Mark - I posted my last comment without reading beyond the Kinesis segment - sorry to hear of the hit and run and I share your thoughts on the matter. I didn't want to appear crass by seeming to ignore the far more important news about this incident. My best thoughts go to the rider and family.

Car-centric life reflects on us all, to our collective detriment.


Guitar Ted said...

@graveldoc - Appreciate the thoughts. Thank you.

@MuddyMatt - Thank you for your thoughts on the death of the rider here.

Concerning what you said about the Kinesis Range HPC - Yes, you have it right. These are, and this is for the US too, "General Purpose" bicycles. That's where I had motioned the naming should go years ago, but the industry latched on to the term "gravel" and won't let it go.

My thoughts, condensed down, are that THIS bike, the "GP" bicycle, is what most riders need. It will become the most versatile bike anyone can own, given an open mind and a chance.

Now in particular concerning the UK and this specific Kinesis bike- I can absolutely understand and agree with your point. That said, bicycles like these are being marketed to us here for what we are doing, and this sort of limited platform (speed/power) idea is not going to work for most riders in rural areas.

I've had event directors contacting me asking my opinions on how to accommodate racers with these electrified gravel racing bikes and it is a veritable can of worms. Provide drop spots for extra batteries? make riders choose when and when not to boost so logistics come into play? Have shorter courses just for these things? I don't know the answer, and then you get into cheating/modding. Bah! It's not going to end well.

And as far as calling regular bicycles "acoustic" I think it is a subtle way for riders of HPC's to make light of "old technology" and gain a false sense of superiority when thinking of HPC's as "digital". It's goofy. I pay no mind to that tripe.

Scott said...

There's another little "feature" you might have to deal with on many HPCs. Once you exceed the max pedal assist speed (16 mph in your example above) the rider may experience motor drag on any additional pedaling efforts. So imagine hitting a nice long flat section of gravel and getting to 16 mph. Not only will you now be pedaling a 33lb road bike, power from your legs will be sapped by motor drag. I don't know for a fact that the Fazua Drive has pedal drag but I know the Bosch motors do. I recently rented the Trek Powerfly HPC and I could definitely notice the motor drag once the e-assist turned off at 20mph.

Nebo said...

I would definitely purchase a t-shirt. Would prefer something besides black but I'm in regardless.

Guitar Ted said...

@Scott - I had not considered this until I saw a discussion of how some riders of MTB-HPC's use this "feature" as a way to slow down hill descent speeds. Basically "motor-braking". Interesting.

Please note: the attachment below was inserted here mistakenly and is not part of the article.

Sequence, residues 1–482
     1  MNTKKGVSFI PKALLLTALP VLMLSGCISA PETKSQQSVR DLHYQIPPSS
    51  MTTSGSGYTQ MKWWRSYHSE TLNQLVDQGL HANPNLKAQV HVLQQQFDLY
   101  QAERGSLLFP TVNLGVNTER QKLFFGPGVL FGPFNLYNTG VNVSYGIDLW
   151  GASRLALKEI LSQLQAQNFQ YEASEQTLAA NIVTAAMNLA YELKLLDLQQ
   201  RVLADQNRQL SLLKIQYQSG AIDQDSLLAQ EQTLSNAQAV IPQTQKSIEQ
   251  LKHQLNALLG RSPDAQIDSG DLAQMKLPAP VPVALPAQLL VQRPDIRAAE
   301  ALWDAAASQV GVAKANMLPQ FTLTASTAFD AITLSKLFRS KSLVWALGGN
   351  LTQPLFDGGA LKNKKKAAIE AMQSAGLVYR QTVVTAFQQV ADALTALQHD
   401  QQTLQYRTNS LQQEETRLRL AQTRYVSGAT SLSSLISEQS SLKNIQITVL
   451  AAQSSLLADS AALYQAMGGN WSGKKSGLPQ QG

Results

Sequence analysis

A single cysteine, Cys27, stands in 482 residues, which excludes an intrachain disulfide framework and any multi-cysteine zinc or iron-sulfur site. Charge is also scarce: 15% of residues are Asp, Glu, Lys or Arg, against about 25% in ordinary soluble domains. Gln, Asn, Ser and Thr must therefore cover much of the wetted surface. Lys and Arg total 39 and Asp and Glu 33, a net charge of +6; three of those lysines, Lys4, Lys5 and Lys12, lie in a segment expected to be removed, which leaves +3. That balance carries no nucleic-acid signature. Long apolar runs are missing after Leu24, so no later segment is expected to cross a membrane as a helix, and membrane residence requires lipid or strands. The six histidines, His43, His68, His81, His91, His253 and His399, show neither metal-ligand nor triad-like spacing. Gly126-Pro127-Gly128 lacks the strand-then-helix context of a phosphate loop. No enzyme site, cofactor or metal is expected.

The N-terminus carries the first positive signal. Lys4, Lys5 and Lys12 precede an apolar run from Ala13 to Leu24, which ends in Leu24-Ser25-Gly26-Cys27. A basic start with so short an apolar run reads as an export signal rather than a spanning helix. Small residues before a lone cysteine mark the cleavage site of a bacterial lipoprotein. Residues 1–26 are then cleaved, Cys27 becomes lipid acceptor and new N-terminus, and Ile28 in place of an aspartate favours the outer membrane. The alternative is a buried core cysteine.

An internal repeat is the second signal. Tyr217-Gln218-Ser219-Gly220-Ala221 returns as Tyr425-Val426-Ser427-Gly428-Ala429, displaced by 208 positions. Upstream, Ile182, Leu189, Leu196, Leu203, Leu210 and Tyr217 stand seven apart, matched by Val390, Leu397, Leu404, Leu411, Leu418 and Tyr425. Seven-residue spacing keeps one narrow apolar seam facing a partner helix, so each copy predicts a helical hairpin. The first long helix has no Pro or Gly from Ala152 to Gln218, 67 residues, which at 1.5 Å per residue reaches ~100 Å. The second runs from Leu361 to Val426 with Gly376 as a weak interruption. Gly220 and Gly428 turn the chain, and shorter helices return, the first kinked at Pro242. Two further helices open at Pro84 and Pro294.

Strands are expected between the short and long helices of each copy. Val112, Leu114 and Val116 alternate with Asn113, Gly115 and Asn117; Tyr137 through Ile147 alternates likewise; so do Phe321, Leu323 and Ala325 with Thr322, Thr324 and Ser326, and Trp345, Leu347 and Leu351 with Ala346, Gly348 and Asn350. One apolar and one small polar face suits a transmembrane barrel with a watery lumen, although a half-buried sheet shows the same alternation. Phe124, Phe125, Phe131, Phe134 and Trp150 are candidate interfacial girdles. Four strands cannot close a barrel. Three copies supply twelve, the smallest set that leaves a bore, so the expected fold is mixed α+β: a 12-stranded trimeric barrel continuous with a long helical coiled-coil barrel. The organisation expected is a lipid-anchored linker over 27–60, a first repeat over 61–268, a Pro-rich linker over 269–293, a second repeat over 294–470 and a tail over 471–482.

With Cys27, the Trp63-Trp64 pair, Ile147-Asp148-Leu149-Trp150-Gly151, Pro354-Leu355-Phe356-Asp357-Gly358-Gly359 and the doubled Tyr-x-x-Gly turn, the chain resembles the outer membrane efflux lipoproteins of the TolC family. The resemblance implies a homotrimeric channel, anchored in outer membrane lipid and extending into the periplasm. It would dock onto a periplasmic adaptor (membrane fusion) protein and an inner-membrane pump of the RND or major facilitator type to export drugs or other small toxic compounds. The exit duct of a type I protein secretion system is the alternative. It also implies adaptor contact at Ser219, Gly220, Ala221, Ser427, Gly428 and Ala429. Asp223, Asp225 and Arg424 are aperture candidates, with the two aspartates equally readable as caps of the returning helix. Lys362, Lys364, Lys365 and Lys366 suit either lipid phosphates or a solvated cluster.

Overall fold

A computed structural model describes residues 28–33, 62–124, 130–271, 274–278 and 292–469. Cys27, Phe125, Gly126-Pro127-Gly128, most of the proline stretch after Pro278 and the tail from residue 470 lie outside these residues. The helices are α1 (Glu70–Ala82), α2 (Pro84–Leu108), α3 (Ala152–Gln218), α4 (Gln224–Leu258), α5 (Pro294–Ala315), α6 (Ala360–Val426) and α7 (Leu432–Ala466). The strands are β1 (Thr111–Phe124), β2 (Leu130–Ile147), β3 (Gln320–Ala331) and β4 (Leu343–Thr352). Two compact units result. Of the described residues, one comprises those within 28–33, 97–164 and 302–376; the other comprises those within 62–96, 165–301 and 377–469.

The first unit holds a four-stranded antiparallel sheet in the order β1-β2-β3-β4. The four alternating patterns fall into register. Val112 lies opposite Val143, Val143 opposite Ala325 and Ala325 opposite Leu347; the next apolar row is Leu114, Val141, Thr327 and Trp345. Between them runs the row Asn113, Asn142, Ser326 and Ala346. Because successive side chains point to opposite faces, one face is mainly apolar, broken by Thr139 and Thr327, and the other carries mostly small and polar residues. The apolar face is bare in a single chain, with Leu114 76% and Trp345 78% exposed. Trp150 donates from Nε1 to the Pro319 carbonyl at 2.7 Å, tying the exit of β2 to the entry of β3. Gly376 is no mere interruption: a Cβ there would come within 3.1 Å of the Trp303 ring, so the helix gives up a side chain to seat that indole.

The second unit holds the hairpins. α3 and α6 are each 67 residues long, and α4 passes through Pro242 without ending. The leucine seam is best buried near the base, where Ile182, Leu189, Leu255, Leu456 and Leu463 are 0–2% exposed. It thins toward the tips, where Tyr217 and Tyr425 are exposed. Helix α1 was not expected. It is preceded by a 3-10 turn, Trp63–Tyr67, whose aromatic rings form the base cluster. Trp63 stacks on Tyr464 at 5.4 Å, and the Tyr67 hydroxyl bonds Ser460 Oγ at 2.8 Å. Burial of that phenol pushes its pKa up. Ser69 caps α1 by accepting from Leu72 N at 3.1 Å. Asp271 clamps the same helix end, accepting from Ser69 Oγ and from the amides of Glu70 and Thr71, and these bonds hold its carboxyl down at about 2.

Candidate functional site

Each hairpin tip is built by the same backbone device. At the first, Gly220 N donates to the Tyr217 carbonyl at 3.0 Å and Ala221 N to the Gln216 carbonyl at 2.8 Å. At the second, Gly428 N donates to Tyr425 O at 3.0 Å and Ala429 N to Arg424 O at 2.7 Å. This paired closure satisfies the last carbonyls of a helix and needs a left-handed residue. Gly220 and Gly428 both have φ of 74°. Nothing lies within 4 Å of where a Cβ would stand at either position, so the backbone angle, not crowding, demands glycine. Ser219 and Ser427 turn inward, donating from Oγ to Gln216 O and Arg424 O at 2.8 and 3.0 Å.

@Nebo - So noted. Again - If I can exceed the threshold to make each t-shirt cost a reasonable amount we will proceed. Thanks!

Michael Lemberger said...

I saw the news about Gerrick on BikeIowa's Facebook feed, and unfortunately, it's the usual gut punch. We're finally getting to the point here in Dane County where the DA is willing to prosecute for this sort of thing, but more often the traditional Oopsie-Daisy model of law enforcement applies where people on foot or on bicycles are concerned. These are just "accidents" after all, right?

The bit of good news is that we've made great strides in Madison toward maintaining non-motorized infrastructure using this argument: We spend money on facilities people actually use, so what's the point in abandoning it for 4-6 months out of the year? Do the people who use it go away in the winter? Hammering the safety angle was very effective. People will listen to arguments about safety far more readily than anything else like the environment or exercise. It's worked so well, the city even found money to clear major paths on weekends. Contact me offline if you want more specifics.

On a lighter note, I have so many t-shirts that I've come to love the space-saving advantage of stickers. I'd especially love more TI stickers.

S Sprague said...

GT, I'm in for a T-shirt! I like the cube as you posted. It's a good design and timeless. Thanks!

Guitar Ted said...

@ S Sprague - Noted! Thanks!

Guitar Ted said...

@Michael Lembereger - Thanks for that perspective. I am going to pass that along to a couple people in the CF fight for these issues.

And stickers are good! I'll see if I can't get that rolling.

KC said...

Got chills when you said he was a second shift commuter. Plenty of close calls when I used to do that.
Also, in for a shirt. Or sticker. Or whatever gets made. :)

Ari said...

T-shirts and stickers. TI stuff always. Ari

Rydn9ers said...

Sorry to hear about the hit and run, as you say far too many of these happen in our country, far too often.

If all your bicycles are 23 lbs or less, we ride different kinds of bicycles my friend. Ole Pugs with zero assist from anything other than tacos and beer tips the scale at 50 lbs when setup for longer gravel rides.

Guitar Ted said...

@Rydn9ers - Thanks for you thoughts. On my bikes- Only my "gravel" bikes weigh that little, but yeah.....I get it. Your pugs IS your gravel bike. Cheers!

Derek said...

+1 on shirt & stickers!